A lot of people are ready to kill the church. I commonly hear people say, “I love Jesus, but I hate the church.” Church makes for an easy target. My generation in particular is scrambling to find a new and better Christianity that is different from that of our parents. We love the idea of walking together in a community that loves Jesus. We love the capital-C Church of Christians everywhere. But we do not want to commit to one local church.

There are some good reasons behind our lack of commitment to the local church. We are not interested in denominational division or tribalism. We are not interested in churches that define success solely on numbers. We are not interested in a church with dated practices and procedures. Most of all, we are tired of churches trying to build up themselves. We want to see the Kingdom built!

We see brokenness in the church. Our response: kill the church and start over.

However, I fear we have made a tragic error. In an effort to be Kingdom-minded, we have neglected commitment to a local church. In thinking we are living out the church of Acts, we have become less biblical. Yes, the Kingdom of God is people not buildings. God has called us to commit to the broken people where we live — in local churches by regularly meeting together, by placing ourselves under the teaching and authority of church elders, and by helping one another grow in our faith.

Consider three reasons local church commitment is critical for the Kingdom.

  1. The Gospel is Defined and Displayed in the Local Church.

The local church exists to define and display the Gospel to the world. In each new generation, the church exists to express and embody the Gospel. The Gospel does not change, but the culture does. God has appointed His people to define the Gospel for the world by proclaiming it in a way people understand.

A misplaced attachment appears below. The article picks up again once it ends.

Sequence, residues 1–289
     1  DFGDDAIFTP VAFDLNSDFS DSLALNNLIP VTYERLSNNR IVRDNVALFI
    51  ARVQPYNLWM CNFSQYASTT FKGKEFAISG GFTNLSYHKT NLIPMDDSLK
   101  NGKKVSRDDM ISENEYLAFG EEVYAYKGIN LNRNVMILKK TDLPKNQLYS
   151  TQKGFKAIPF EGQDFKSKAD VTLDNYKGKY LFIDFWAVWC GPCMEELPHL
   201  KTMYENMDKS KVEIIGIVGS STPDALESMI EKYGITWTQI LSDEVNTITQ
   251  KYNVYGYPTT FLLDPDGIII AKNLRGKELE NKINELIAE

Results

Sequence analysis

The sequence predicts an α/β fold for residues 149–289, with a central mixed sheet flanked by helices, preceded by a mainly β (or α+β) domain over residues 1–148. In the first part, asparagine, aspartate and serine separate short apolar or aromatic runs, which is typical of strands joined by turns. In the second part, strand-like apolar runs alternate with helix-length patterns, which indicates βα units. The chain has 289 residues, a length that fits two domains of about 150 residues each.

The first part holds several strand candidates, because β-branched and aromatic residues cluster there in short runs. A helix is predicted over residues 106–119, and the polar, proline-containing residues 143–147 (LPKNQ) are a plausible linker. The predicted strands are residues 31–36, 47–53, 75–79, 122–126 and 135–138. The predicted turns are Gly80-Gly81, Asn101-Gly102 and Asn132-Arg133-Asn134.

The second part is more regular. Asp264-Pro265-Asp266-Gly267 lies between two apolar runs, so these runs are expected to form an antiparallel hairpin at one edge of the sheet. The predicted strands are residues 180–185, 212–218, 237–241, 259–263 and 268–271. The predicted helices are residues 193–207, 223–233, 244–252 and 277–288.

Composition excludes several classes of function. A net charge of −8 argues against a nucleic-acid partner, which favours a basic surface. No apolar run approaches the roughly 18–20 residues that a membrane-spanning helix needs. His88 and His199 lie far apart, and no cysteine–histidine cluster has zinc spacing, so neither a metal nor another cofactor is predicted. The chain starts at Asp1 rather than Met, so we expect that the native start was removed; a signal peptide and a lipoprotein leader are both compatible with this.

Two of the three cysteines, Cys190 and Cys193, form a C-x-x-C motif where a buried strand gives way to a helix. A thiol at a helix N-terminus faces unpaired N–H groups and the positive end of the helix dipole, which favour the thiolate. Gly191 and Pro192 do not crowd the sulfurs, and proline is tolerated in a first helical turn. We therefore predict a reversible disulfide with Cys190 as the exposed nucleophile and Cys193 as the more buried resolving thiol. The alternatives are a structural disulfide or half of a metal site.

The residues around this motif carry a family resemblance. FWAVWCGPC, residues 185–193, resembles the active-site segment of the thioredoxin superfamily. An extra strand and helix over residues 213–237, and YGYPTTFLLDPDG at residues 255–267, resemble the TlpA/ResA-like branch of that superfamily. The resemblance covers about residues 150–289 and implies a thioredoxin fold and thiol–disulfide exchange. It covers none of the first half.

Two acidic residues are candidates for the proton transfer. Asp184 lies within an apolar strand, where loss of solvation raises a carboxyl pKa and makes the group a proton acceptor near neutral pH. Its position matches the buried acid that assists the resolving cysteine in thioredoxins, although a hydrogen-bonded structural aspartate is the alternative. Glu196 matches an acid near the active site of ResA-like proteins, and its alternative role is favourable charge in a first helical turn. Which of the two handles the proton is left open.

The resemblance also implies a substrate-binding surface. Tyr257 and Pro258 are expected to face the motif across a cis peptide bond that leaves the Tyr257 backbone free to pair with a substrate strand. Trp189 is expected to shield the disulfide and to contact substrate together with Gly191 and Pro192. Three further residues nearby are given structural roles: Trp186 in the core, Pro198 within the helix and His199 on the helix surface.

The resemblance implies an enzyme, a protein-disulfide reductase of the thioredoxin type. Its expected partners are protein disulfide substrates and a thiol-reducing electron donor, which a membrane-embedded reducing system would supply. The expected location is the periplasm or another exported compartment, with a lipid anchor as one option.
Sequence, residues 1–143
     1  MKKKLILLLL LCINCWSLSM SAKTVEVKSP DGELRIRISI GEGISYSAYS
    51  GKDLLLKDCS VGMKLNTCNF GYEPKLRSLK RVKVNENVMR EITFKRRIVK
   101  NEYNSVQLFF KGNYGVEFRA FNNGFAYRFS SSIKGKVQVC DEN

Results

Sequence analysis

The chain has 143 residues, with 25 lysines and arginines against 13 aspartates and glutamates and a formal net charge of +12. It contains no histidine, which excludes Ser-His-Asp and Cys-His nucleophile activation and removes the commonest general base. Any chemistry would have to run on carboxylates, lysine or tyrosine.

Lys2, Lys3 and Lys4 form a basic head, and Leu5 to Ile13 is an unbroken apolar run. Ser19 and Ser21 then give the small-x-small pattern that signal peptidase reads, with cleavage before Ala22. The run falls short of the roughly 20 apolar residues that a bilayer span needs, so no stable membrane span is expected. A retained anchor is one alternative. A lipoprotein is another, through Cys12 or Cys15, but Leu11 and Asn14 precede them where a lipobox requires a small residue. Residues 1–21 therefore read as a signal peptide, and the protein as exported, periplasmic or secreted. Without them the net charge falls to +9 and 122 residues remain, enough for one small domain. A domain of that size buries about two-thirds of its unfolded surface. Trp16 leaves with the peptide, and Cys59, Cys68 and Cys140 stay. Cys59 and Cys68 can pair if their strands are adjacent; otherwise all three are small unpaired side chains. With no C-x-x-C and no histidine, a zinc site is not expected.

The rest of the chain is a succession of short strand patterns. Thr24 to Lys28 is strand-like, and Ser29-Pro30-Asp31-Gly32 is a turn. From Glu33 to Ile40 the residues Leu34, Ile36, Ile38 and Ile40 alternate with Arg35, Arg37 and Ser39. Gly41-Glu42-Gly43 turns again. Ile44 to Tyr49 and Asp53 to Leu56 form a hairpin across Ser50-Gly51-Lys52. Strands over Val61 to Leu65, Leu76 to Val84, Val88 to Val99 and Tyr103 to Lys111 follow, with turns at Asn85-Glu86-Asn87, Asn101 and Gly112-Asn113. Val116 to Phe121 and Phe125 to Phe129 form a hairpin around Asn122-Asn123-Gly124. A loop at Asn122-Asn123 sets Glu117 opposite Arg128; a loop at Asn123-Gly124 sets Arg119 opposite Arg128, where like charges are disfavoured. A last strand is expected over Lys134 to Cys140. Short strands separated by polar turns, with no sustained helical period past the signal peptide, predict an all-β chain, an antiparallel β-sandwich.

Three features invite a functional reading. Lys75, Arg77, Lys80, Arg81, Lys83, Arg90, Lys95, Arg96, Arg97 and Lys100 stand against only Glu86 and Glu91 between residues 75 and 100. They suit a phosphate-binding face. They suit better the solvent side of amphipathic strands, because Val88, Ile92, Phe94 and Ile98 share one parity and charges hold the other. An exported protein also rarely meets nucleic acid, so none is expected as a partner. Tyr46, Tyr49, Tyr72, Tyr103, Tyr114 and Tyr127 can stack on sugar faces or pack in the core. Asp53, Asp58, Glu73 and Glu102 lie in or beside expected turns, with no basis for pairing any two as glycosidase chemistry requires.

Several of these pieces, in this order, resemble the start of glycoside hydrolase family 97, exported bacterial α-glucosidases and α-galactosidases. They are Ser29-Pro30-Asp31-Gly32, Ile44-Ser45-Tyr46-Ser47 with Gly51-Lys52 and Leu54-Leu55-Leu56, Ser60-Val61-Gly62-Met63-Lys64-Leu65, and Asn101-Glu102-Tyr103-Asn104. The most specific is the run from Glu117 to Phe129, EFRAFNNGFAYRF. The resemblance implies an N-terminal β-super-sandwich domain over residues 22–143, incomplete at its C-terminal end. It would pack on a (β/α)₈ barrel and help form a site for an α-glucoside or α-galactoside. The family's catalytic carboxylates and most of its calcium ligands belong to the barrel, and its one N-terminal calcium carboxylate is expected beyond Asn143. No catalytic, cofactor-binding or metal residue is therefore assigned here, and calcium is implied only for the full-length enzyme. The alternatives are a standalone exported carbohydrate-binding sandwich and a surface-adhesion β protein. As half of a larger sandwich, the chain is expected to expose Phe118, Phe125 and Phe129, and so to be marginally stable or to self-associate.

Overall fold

Our witness is given its saltiness by the way we live out the Gospel in life together. This enables others to see the Gospel visibly through the local church.

  1. The New Testament Assumes Local Church Commitment.

By committing ourselves to a local church, we are following the New Testament pattern. Rick Thompson, my pastor, often comments on how the Bible never commands, “Thou shalt go to church.” What it does is something even more profound! The New Testament assumes local church commitment.

Most of the New Testament letters are written to local churches. We see a pattern in the New Testament of the apostles establishing local congregations, appointing elders, and themselves belonging to a local body of believers.

There is not a single example in the New Testament of a Christian who has not been baptized and committed to a local church. If we are going to live like the church of the book of Acts, we must make local church commitment a priority.

  1. The Kingdom Cannot Grow Strong with Weak Local Churches.

Commitment to a local church is not the enemy of a Kingdom mentality. Commitment to a local church is the foundation of a Kingdom mentality. The Kingdom is not made strong by Christians withholding commitment to a local church any more than a brick wall is made stronger by removing the cement that separates the bricks.

Imagine if the military, in an effort to have greater commitment to the general himself, dissolved all units and the chain of command. Would our military be stronger? Not at all! The military is strong because each soldier has intense commitment to his or her particular unit and commander. Each unit works arm-in-arm for the good of our country.

In the same way, the Kingdom of God is at its best when individual Christians are unapologetically committed to their own local church. Then, each local church can work arm-in-arm with other local churches to serve our city for the fame of our great God. As our local churches live and die, so does God’s Kingdom witness in our city.

Do you think people are becoming less committed to local churches? Why do you think so?